Next, we assessed IL-12 production by DCs matured with or without dasatinib using various maturation cocktails. In 10 of 10 donors, dasatinib coincubation with LPS (in combination with IFNγ) induced IL-12p40 production in a significantly higher fraction of DCs compared with DCs matured in the absence of dasatinib (P < .0001); dasatinib alone had no effect on immature DCs or on DCs matured with IL-1β, TNFα, and prostaglandin E2 (PgE2) (Figure 2A-B). We then asked whether the observed effects of dasatinib were dose dependent. As shown in Figure 2C, dasatinib enhanced IL-12 production at a dose range of 2 to 400 nM, whereas higher doses were suppressive (Figure 2C). This dose range corresponds to dasatinib serum levels in patients taking dasatinib twice daily at 70 mg, where the maximal serum level (Cmax) has been determined to be 90 nM.27 Nilotinib, another tyrosine kinase inhibitor slightly enhanced IL-12p40 production, whereas imatinib had no effect (Figure 2D).
To better understand the regulation of cytokine production in response to various inflammatory stimuli, we analyzed secretion of several cytokines relevant in DC activation. IL-12 secretion in general was strongly enhanced by combining the activating trigger with IFNγ, as the latter is known to efficiently prime the IL-12p40 promotor.29,30
When adding dasatinib along with IFNγ to the stimulation cocktail, significantly more IL-12p70 was produced when E coli LPS (triggering via TLR4) and LPS derived from P gingivalis (triggering via TLR2) were used. No differences were observed after stimulation with R848 (TLR7/8), Poly I:C (TLR3) (regardless of additional IFNγ coincubation), or a cocktail of proinflammatory cytokines (IL1β, TNFα, and PgE2). (Figure 3 and supplemental Figure 2). Additional analysis by ELISA for IL-12, IL-10, and IL-23 in an independent set of experiments confirmed these findings (supplemental Figure 3). IFNα and IL-27 were not secreted under the chosen conditions. To summarize, we conclude that dasatinib specifically enhances TLR2 and TLR4 agonist–mediated IL-12 production but exerts no stimulatory activity by itself.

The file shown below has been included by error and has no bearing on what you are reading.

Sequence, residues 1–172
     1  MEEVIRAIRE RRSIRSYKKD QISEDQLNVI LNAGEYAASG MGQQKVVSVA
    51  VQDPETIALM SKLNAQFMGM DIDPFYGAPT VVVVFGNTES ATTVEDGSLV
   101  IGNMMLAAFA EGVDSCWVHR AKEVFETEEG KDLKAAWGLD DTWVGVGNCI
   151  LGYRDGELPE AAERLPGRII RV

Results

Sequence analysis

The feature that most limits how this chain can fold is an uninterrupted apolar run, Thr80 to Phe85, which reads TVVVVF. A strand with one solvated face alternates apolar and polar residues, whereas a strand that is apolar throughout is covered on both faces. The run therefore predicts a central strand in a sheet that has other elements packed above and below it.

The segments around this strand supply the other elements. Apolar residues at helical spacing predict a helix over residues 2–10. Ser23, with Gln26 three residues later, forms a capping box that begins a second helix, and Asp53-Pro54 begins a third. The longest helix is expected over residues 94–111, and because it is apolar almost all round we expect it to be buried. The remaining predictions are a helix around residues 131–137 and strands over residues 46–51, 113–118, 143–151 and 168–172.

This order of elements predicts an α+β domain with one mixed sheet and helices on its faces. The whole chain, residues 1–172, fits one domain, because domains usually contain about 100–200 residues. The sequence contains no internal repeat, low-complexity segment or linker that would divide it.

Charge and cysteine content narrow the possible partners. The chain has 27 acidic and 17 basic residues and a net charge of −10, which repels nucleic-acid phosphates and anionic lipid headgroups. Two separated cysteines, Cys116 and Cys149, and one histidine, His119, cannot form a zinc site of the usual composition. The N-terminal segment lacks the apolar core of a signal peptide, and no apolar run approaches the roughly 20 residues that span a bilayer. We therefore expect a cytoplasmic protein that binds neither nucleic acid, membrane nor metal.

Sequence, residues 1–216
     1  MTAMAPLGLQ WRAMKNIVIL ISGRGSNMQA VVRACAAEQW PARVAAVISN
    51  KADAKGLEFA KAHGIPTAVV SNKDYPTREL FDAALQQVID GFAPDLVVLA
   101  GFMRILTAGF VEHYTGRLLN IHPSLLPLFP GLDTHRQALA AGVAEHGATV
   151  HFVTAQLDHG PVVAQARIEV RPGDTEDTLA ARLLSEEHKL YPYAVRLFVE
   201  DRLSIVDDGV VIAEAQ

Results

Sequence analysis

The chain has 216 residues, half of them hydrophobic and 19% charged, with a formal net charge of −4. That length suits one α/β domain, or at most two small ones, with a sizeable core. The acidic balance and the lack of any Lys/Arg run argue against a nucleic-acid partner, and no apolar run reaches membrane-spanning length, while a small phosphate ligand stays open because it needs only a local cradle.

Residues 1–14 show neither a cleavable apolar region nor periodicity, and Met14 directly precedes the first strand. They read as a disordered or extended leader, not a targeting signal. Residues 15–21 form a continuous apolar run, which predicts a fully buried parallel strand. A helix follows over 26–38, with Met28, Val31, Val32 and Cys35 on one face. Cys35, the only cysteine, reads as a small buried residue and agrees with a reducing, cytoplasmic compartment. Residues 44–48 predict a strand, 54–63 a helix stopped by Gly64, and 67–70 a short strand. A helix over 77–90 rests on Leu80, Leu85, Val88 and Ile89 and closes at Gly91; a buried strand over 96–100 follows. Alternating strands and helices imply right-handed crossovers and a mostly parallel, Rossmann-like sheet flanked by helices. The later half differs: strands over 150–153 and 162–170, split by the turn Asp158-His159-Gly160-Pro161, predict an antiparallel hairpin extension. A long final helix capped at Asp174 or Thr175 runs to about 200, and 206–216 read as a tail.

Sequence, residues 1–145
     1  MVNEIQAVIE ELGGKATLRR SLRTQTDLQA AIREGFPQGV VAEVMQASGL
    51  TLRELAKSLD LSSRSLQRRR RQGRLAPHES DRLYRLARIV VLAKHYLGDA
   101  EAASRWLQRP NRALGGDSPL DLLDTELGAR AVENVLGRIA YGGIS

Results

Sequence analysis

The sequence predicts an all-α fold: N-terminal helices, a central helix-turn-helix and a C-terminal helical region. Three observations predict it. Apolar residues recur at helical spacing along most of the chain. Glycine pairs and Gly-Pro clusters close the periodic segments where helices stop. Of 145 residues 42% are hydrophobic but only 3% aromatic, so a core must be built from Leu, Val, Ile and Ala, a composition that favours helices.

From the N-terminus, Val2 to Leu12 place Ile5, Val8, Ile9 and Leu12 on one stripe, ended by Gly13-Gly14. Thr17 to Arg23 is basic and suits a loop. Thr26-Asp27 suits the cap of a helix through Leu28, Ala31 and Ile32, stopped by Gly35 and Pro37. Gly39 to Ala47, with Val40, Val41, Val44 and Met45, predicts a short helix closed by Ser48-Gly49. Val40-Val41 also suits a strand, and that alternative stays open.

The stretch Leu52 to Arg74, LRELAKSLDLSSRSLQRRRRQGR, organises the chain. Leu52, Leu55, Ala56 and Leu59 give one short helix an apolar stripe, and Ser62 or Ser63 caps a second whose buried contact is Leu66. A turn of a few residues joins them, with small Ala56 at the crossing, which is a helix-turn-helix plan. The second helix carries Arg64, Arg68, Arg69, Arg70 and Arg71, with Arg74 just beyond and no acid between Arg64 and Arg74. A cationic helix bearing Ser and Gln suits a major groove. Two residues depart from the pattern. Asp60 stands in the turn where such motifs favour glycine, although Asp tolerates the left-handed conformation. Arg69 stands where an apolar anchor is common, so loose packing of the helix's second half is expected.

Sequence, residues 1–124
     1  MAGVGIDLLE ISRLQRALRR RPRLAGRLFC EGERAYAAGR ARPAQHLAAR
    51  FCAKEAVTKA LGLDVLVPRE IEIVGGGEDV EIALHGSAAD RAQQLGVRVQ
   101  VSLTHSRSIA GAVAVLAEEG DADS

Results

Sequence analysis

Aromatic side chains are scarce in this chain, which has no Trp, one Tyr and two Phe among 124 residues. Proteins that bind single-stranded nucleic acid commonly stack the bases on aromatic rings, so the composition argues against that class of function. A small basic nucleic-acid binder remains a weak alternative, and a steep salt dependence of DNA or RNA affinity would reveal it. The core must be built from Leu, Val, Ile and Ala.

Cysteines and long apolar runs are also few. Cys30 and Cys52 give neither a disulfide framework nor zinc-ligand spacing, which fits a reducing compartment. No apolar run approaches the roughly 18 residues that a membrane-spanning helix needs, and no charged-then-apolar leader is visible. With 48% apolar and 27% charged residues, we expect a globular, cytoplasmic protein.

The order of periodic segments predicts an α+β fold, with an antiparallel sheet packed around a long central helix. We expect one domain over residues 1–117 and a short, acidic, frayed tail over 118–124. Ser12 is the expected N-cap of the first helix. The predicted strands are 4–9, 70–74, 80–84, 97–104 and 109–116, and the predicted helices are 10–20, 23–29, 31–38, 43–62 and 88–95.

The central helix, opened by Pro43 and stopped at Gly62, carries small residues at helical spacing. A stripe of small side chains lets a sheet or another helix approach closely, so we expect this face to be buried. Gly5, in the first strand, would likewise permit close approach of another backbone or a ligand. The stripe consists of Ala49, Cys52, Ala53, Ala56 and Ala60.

Priming with dasatinib-pretreated mature DCs leads to enhanced Tc1-skewed immune responses
Our original observation was based on the quantitative assessment of the CD8+ T-cell response when using dasatinib-pretreated DCs. We next sought to investigate the quality of the resulting T-cell response in more detail. Dasatinib alone had no effect on immature DCs, and when testing such DCs, the resulting T-cell responses remained low (Figure 4A). This finding rules out potential artifacts (eg, by accidental contamination of the dasatinib preparation with LPS). Furthermore, different batches of dasatinib from 2 different vendors led to similar results regarding DC activation and T-cell responses (data not shown). Next, we wanted to exclude the possibility that, instead of a direct effect on DCs, the observed effect was indirectly mediated by mechanisms related to contaminating NK cells or regulatory T cells within the initial DC preparation. Therefore, we purified 4-day cultured, immature DCs with CD11c-targeting magnetic beads to obtain a highly purified DC population (>95%) and only then induced maturation using LPS/INFγ with or without dasatinib. Again, dasatinib-treated mature DCs were better stimulators than DCs matured with LPS/INFγ alone (Figure 4B), arguing for a direct effect on the maturing DCs.
Next, we determined whether improved priming only occurred when cognate peptide was presented by dasatinib-treated DCs themselves (in cis), or whether these DCs could “assist” DCs not previously treated with dasatinib (in trans). When dasatinib-pretreated DCs not presenting the relevant antigen were mixed with untreated Melan-A-pulsed DCs matured without dasatinib, the resulting T-cell response to the Melan-A peptide was significantly higher than in the groups, in which none of the DC populations had been pretreated with dasatinib, indicating “assistance” of dasatinib-pretreated DC (Figure 4C).